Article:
Retirement is one of the key stages of life and one that most of us will have to go through. It is inevitable. Retirement is a time when a person’s earning will stop, but the bills unfortunately don’t. Hence, it is something that every individual should think about in their prime.

A pension plan helps an individual sustain his/her lifestyle even after the pay checks stop coming. These plans help an individual allocate some part of his/her savings to accumulate money and over a period of time, these funds offer you with steady income post your retirement.

While it is financial tool that allows you to start working towards a bright future, there are a few disadvantages to it as well:

a. Limited deduction allowed

Though pension plans qualify you to a tax deduction, the maximum allowed deduction on life insurance premiums is Rs. 1 lakh under the Income Tax Act.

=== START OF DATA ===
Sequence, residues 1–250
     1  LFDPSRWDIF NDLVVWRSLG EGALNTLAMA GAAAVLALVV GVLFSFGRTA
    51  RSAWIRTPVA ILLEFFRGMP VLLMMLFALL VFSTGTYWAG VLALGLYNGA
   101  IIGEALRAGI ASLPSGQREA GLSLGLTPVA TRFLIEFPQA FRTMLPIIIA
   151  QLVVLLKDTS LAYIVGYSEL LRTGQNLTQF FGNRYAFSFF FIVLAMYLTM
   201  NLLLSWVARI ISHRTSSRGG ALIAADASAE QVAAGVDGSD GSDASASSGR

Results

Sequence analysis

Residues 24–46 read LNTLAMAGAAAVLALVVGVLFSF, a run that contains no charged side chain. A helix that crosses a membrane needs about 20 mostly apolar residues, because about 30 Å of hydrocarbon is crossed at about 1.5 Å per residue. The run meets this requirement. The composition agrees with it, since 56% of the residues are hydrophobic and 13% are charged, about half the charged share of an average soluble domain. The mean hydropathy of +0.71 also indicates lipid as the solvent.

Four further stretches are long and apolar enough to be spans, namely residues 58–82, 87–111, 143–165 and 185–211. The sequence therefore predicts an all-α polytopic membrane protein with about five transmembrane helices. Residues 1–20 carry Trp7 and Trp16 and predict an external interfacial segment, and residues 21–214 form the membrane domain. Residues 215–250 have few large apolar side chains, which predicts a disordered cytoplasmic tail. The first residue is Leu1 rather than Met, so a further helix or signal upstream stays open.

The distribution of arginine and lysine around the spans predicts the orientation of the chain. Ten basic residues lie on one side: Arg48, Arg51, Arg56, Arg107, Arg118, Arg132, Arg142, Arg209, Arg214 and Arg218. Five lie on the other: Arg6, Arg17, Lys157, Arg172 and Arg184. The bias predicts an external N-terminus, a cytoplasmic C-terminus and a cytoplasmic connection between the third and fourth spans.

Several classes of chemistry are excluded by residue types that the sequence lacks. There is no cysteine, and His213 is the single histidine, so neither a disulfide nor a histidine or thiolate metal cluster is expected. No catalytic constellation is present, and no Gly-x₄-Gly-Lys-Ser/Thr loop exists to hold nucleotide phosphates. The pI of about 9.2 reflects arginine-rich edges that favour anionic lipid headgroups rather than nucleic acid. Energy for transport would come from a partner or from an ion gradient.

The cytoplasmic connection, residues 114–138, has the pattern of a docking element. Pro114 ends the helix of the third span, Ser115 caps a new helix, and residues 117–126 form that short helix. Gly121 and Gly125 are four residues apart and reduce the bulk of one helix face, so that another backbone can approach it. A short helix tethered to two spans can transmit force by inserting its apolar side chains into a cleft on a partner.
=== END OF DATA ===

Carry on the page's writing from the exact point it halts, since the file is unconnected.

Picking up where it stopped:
b. Annuity is taxed

When you receive the annuity after your retirement, it gets taxed under Income Tax Act. Hence, it is of utmost importance that you

c. High returns require high-risk taking

In order to make sure that the pay-out at the time of your retirement is adequate, you might have to seek high-risk options to obtain higher returns. This is because the traditional non-risky investment options may not be enough to override the effects of inflation.

d. Early bird catches the worm

If you are not an early investor, then a pension plan option may be a little late for you. This is because the earlier you invest, the more time you allow your corpus to grow. Thus, a person who starts a pension plan at the age of 21, is going to benefit from a substantially larger return than a person who starts his/her pension plan at 30 years of age.